$2 billion pledged for Palestinians' homeland effort Clinton arranges talks between Peres and Hassan

October 02, 1993|By Mark Matthews | Mark Matthews,Washington Bureau

WASHINGTON -- More than 40 countries agreed yesterday to contribute $2 billion over five years to help Palestinians build a homeland, and Israel and Jordan turned another page toward peace at an unprecedented White House meeting.

Donors pledged $600 million for the first year, $1 billion for two years and nearly $2 billion over five years to help Palestinians meet needs such as teacher salaries and road repairs and start public works projects needed to spur private investment.

The pledges fell $500 million short of World Bank five-year targets, but officials said that if the first-year contributions are continued, they will exceed it.

This ensures a continuing flow of money during the crucial period leading to a final settlement between Israel and the Palestine Liberation Organization.

The conference, held at the State Department, marked a speedy attempt to launch Palestinian self-rule on a solid financial footing with guidance from a seven-nation steering group.

"We must help them demonstrate the tangible benefits of peace, and we must do so quickly if the advocates of peace are to be strengthened and the enemies of peace are to be isolated and discredited," Secretary of State Warren M. Christopher said.

The biggest single donor, of $600 million, was the European Community. The United States made a five-year pledge of $500 million.

President Clinton, meanwhile, shattered another taboo in the Arab-Israeli conflict by bringing together Israeli Foreign Minister Shimon Peres and Jordan's Crown Prince Hassan at the White House. The two agreed to work together toward economic cooperation.

It was the first time a top Israeli had met in the open with a leading member of the Jordanian royal family, although there have been numerous reported secret meetings between King Hussein and Israeli leaders.

Yesterday's talks, coinciding with the donors' conference, were a step toward close economic ties among Israelis, Jordanians and Palestinians-- a "common market in the Middle East," as Mr. Peres calls it. They also served to bind Jordan to progress toward peace among Israelis and Palestinians.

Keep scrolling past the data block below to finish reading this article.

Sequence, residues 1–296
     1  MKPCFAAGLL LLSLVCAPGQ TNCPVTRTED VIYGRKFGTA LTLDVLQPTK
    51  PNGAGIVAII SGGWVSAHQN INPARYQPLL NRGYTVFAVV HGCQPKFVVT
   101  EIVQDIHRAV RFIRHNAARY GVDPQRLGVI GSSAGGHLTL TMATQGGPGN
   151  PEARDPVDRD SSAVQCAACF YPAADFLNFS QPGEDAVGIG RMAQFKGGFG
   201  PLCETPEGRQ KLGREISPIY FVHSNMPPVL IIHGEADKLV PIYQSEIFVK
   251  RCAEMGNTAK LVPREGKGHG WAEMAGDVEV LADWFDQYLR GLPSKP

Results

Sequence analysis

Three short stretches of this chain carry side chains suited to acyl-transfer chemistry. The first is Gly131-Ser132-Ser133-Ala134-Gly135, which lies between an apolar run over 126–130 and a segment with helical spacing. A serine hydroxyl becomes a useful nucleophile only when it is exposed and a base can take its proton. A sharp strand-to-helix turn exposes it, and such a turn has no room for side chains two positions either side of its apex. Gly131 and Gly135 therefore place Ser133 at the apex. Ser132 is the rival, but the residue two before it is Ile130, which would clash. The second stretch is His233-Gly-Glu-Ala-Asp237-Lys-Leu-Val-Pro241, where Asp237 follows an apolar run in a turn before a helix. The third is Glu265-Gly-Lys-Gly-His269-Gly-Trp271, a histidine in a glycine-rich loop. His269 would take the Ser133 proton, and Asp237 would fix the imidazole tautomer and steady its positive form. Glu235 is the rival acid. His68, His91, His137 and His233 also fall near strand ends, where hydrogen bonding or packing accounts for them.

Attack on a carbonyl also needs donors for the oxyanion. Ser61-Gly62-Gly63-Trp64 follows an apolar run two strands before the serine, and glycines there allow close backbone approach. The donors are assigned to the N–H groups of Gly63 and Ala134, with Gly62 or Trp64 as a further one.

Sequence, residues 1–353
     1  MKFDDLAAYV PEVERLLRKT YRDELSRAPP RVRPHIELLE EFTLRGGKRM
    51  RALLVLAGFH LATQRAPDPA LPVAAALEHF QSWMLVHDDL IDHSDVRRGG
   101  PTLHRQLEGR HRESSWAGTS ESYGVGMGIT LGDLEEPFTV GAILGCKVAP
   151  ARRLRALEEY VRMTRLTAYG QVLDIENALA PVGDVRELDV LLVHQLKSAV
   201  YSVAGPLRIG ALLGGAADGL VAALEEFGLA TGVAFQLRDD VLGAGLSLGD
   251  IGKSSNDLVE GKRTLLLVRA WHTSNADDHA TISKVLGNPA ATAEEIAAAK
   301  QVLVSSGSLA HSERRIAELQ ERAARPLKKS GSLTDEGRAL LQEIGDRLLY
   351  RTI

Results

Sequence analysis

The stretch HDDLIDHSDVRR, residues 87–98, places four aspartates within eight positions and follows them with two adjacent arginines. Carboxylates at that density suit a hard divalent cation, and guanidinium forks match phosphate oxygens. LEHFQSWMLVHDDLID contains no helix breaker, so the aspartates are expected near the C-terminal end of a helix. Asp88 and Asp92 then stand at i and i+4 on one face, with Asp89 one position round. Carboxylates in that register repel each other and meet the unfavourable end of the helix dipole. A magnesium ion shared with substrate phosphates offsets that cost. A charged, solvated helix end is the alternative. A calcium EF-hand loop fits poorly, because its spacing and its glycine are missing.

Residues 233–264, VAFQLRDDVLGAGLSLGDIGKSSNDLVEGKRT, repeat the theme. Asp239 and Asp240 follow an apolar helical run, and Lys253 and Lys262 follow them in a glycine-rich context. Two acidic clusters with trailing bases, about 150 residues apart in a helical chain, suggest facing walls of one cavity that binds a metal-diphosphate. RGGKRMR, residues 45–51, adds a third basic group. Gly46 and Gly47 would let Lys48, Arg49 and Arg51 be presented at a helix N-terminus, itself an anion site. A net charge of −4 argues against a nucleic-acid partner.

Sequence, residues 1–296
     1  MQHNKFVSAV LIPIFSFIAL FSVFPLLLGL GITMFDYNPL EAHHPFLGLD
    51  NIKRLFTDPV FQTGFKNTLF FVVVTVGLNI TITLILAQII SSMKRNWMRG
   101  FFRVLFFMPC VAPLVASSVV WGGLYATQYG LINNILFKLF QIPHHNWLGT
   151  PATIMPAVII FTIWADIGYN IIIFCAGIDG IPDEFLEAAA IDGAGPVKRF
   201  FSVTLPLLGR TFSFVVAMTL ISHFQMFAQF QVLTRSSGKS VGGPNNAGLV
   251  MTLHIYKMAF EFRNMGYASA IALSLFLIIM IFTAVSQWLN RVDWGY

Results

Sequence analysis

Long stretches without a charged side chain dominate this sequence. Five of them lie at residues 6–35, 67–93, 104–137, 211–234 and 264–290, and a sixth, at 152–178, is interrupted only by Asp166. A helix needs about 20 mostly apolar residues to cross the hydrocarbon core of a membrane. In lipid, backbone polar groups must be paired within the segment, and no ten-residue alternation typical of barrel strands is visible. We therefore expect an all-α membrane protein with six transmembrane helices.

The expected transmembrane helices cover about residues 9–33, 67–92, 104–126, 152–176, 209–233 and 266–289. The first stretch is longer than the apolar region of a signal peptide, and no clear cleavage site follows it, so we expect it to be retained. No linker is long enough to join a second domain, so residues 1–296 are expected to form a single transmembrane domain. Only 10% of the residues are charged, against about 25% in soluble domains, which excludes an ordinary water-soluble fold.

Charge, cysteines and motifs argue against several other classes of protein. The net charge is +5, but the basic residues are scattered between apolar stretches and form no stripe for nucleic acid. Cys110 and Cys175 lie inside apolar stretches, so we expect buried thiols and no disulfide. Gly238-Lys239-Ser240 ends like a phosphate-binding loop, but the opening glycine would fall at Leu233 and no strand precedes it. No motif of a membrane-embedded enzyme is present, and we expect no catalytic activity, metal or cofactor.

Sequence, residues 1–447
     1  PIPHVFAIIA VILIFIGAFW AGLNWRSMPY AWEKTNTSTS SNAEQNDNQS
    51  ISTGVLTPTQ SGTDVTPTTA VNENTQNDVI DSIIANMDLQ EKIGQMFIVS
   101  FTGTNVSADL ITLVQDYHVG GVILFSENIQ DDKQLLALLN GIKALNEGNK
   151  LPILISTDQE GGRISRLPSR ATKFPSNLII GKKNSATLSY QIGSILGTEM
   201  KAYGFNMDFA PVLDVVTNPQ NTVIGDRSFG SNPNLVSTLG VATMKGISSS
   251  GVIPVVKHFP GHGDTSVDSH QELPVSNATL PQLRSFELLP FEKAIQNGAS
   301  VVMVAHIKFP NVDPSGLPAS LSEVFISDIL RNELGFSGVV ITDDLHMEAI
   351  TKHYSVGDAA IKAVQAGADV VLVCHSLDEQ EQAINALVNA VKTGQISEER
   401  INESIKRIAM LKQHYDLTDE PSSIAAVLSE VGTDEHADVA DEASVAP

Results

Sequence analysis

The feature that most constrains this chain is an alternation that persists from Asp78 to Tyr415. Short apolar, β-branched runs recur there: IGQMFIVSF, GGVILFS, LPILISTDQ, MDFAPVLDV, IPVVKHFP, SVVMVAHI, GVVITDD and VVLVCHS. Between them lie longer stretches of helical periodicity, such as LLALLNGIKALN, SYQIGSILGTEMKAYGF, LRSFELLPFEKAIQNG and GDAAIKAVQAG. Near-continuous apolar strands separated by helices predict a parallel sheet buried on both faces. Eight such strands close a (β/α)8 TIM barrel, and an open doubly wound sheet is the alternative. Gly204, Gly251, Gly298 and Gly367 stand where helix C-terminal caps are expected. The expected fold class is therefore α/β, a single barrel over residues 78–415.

But other taboos from the 45-year Arab-Israeli conflict remain in place.

Only the PLO and Egypt officially recognize Israel. Most Arab states have turned down U.S. demands to lift their economic boycott of Israel, although a secondary boycott of firms that do business with Israel is being widely flouted and the new Israeli-Jordanian relationship is a significant crack.

"There are many things, including the boycott of Israel, that have no place in a world seeking peace," Vice President Al Gore said in opening the donors' conference.

Palestinians are reluctant to urge lifting the boycott, even though not lifting it may harm their economy indirectly, because they view it as leverage to make Israel more flexible on "final status" issues such as sovereignty over Jerusalem.

Other Arabs "want to see if life is improving on the street" for Palestinians, a senior U.S. official said.

Yesterday's conference also showed continuing bitterness among the United States' Persian Gulf allies toward PLO Chairman Yasser Arafat for his support of Iraqi President Saddam Hussein during the gulf war.

Of these, only Saudi Arabia and the United Arab Emirates pledged specific dollar sums, $100 million and $25 million respectively, although Saudi Arabia assured U.S. officials privately that it would give $1 billion over 10 years.

The Saudi Foreign minister, Prince Saud al-Faisal, made a point of saying that his country's money would be funneled through the World Bank.

Kuwait, despite pressure from the United States, refused to commit itself to a figure but promised to be helpful.

But for now, $600 million is all the Palestinians will be able to absorb successfully in the first year, according to Nabil Sha'ath, political adviser to the PLO chairman. While voicing concern that the aid would be sustained over the long term, he pronounced the organization pleased and grateful.

However, Mr. Arafat told British television, "It is not enough if it is two [billion dollars]. At least we are in need of $5 billion."

The money will fund some projects developed by the United Nations and the U.S. Agency for International Development and others that are expected to be developed by a Palestinian reconstruction and development group.

With the World Bank coordinating donations, the money will be disbursed both by the bank and the aid organizations of individual countries.

A seven-nation group of donor countries, with Egypt, Israel, Palestinians and Jordanians as associate members, will meet every six months.

Israel contributed $25 million in grants and $50 million in loans yesterday to the effort, but Mr. Sha'ath termed this a symbolic commitment and indicated that tough financial issues remain to be settled between Israel and the Palestinians.

These include providing the Palestinians with some of the money from sales taxes and tariffs levied by Israel on goods sold in the occupied territories.

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